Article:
Scientists believe that histone modifications are crucial actors in the activation and repression of gene expression. Histones help to package DNA, the hereditary material of life, into each cell's nucleus. The double-helical strand of DNA wraps around a ball of histones consisting of four distinct proteins: H2A, H2B, H3 and H4. [The genes that encode the H3 and H4 proteins used in histones are so fundamental to the actual storage of the genome that they have a zero effective mutation rate. Almost the exact same genes are found in humans, chickens, grass, and mould. (ref.)]
In 1997, Roeder and Wei Gu, then a postdoc in Roeder's lab, showed that an enzyme called p300/CBP, known to modify the chemical composition of histone tails, serves as a transcriptional coactivator for p53. Coactivators are regulatory proteins that, together with activator proteins, are required to turn genes on.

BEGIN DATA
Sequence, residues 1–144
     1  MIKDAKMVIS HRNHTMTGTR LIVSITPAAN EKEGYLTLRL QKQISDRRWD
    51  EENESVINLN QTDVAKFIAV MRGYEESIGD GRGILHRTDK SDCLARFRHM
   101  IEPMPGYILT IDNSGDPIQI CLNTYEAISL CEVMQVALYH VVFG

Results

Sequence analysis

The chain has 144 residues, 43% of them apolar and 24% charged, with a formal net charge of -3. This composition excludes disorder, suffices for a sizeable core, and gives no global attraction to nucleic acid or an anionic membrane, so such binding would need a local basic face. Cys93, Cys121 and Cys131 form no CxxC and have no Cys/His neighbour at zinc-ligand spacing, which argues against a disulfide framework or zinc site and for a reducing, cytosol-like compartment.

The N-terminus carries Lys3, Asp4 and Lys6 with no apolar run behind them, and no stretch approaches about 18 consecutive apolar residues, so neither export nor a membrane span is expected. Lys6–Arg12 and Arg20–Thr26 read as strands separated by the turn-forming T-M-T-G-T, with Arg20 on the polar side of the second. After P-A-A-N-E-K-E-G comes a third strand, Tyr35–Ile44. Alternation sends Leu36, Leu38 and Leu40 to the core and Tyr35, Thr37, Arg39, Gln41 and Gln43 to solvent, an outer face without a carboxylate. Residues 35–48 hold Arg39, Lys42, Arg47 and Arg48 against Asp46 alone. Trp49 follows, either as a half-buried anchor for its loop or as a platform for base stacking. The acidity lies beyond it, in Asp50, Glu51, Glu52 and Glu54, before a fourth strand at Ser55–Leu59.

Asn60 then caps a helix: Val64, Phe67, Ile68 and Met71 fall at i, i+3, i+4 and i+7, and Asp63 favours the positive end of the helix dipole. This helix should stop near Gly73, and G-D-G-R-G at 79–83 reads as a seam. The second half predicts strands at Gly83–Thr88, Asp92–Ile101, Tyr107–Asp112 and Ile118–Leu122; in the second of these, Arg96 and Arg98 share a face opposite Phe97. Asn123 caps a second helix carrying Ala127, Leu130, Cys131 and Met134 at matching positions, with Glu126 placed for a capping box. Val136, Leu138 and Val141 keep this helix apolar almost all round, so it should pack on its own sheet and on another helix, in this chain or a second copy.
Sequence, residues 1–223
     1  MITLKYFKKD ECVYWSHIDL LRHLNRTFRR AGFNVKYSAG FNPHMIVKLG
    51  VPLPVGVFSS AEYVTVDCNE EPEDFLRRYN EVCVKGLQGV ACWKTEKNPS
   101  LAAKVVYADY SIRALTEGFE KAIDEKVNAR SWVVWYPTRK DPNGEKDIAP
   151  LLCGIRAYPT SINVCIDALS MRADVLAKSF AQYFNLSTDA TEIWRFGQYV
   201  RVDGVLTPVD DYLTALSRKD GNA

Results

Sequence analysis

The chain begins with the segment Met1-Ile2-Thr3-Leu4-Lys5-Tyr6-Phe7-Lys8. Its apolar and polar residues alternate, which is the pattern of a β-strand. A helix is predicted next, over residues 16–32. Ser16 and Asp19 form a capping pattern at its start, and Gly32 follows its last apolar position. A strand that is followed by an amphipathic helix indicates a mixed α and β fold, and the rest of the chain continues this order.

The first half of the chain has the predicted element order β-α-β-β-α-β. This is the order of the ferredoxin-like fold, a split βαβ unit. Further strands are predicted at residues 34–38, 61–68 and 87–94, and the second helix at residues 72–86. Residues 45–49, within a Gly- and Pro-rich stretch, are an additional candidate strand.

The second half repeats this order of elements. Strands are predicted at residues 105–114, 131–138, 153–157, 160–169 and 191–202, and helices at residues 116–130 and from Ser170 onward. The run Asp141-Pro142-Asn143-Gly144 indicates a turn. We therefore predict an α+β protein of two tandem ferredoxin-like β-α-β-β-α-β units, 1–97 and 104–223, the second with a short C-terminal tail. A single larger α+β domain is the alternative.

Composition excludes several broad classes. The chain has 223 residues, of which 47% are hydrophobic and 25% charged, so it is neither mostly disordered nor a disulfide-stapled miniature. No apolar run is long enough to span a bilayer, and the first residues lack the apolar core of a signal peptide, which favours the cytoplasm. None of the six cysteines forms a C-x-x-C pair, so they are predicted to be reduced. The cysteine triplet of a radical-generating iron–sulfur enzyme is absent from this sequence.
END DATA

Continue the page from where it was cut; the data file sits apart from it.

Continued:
In 2002, An, Roeder and their Rockefeller colleagues provided important new information about the role of histone tails in gene activation. Scientists knew that histone tails repressed gene activation by preventing transcription factors -- proteins that help read out the information encoded in DNA -- from gaining access to DNA. An and colleagues, using a test tube system of coiled up chromatin created from engineered or recombinant histones and DNA, showed that -- as Allfrey and Allis had predicted -- histone tails and associated modifications are required for reversing the repression of transcription and that p300 plays an important role in this process as a histone-modifying enzyme. (ref.)